Ford Motor Co. will announce this morning that it is buying the automobile operations of Sweden's Volvo for about $6 billion, insiders at Ford said late Wednesday.
Analysts and Ford insiders say the U.S. company, the world's second-largest car maker, sees Volvo as a perfect fit between its Lincoln luxury-car unit and its Jaguar performance-car subsidiary.
Volvo's reputation for building safe and environmentally friendly cars also attracted Ford, whose chairman, William Clay Ford Jr., has vowed to make his company the auto industry's environmental leader.
"In a lot of ways, this looks like a very good fit for Ford," said industry analyst George Peterson of AutoPacific Inc. in Santa Ana.
"Ford has cars in Europe covering the marketplace in the $10,000-to-$25,000 range and in the $45,000-and-up performance market. Volvo would give them a good product for the lower end of the luxury market," he said.
The deal will not turn Volvo into a bigger player. Ford would have to spend heavily on new factories to boost production much beyond current levels, Peterson said, noting that the industry is already plagued by overcapacity.
"But Ford will be able to use the power of its purchasing network to make sure Volvo's component costs are much less expensive than before, giving them their same high quality for less money, improving their operating efficiencies and really boosting Volvo's profits," he said.
The Swedish car maker is one of several auto companies that have been courting merger partners or potential buyers since Chrysler Corp. of the U.S. and Daimler-Benz of Germany rocked the industry last year with their $33-billion union.
The announcement follows publication of an unconfirmed report of the pending sale Wednesday on industry journal Ward's Automotive Reports' Web site.
The trade paper said Ford's president, Jac Nasser, was in New York earlier this week to work out the deal with Volvo.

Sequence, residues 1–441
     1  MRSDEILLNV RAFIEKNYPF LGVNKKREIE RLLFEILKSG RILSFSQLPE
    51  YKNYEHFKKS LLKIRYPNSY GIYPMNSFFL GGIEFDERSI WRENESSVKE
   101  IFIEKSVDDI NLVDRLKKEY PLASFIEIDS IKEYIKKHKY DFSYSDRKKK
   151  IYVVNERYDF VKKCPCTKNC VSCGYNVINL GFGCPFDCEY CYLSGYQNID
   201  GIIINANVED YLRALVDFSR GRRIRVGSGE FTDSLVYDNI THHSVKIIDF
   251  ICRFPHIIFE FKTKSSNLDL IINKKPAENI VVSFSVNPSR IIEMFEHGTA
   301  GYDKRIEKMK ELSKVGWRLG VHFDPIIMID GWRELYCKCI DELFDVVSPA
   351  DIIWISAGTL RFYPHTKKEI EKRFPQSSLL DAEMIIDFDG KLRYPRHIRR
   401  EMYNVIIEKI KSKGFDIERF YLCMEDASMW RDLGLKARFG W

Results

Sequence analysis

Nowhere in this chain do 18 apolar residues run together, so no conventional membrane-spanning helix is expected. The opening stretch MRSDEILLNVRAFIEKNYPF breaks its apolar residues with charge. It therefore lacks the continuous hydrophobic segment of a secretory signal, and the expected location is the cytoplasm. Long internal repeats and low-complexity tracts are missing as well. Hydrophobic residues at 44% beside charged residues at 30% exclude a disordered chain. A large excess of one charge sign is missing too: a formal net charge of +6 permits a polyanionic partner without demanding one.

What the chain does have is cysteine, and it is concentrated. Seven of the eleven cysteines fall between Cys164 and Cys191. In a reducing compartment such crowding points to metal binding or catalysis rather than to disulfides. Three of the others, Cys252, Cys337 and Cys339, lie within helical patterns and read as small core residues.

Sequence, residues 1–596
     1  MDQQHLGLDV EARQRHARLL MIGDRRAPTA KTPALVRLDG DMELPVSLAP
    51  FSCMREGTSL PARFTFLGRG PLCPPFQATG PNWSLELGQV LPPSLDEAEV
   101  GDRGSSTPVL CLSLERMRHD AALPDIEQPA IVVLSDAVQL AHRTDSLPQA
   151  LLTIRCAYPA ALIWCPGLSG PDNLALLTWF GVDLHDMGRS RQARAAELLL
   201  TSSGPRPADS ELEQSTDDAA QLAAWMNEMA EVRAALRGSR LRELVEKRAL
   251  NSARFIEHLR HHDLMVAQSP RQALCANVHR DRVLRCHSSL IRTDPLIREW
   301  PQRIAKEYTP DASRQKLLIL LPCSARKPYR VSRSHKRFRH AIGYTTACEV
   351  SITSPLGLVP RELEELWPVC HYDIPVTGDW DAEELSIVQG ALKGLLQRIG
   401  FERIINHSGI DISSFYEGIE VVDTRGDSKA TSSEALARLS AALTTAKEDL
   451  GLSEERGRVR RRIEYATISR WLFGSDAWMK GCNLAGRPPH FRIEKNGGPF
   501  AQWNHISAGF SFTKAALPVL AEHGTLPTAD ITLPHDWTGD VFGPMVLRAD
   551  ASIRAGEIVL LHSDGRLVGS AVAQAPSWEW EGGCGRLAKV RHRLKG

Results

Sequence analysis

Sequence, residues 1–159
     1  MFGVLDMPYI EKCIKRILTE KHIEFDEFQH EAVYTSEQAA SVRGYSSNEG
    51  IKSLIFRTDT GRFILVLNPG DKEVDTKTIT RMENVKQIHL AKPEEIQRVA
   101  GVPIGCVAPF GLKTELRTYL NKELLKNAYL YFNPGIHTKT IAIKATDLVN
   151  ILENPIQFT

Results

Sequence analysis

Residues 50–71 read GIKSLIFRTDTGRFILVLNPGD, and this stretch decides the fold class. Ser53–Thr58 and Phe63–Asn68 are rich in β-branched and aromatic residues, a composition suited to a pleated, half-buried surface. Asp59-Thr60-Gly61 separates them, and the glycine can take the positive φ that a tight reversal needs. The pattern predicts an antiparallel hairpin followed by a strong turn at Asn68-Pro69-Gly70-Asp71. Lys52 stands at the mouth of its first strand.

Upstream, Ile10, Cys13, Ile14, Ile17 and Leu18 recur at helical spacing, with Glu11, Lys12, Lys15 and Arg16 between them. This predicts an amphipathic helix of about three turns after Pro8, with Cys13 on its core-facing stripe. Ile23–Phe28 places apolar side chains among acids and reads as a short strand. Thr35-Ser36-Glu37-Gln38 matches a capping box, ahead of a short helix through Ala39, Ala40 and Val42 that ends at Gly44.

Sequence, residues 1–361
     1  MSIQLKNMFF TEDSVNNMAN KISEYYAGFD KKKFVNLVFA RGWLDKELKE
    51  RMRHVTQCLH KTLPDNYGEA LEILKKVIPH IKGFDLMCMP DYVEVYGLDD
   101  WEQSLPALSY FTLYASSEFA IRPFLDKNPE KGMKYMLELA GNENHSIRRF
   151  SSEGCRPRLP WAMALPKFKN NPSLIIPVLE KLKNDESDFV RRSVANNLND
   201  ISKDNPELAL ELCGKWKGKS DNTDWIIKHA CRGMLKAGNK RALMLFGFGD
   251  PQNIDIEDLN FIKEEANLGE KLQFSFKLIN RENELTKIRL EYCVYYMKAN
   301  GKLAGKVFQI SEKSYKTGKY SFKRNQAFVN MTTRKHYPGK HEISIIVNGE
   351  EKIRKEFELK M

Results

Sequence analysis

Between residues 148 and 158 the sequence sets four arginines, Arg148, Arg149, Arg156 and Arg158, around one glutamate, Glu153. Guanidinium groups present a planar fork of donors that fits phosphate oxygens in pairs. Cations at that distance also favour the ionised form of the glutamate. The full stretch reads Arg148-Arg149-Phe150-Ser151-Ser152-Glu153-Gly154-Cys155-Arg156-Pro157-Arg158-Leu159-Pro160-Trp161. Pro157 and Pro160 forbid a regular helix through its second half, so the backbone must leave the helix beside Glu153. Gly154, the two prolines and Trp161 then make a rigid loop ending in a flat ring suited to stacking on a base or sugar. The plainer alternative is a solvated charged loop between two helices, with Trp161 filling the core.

Volvo shareholders vetoed a proposed merger with Renault of France in 1993, citing concerns about jobs being moved outside of Sweden, where manufacturing costs are high.
That would be of less concern with Ford as an owner. When it bought Britain's Jaguar Motor Cars for $2.5 billion in 1989, Ford kept it a separate entity and pumped $3.5 billion into improving the company's aging assembly plants.
Ford also owns Britain's Aston Martin and has a controlling interest in Japan's Mazda Motor Corp.
The U.S. auto maker recently sold its minority stake in South Korea's Kia Motors after that company was acquired by Hyundai Motor.
Italy's Fiat and Germany's Volkswagen had also reportedly talked to Volvo about a merger. But Ford, with at least $22 billion in cash to deal with, has been considered the most likely suitor.
"It makes a lot of sense for Ford," said analyst Joseph Phillippi of Lehman Bros. "As long as they don't overpay for it in the eyes of [Wall] Street."
Volvo sold almost 400,000 cars last year, including 101,171 in the U.S. It ranked 14th in U.S. sales.
Volvo is expected to keep its commercial truck operations.
The report of the Ford-Volvo deal surfaced after the close of trading Wednesday on the New York Stock Exchange, where Ford shares fell $1 to close at $60.31.
Associated Press was used in compiling this report.
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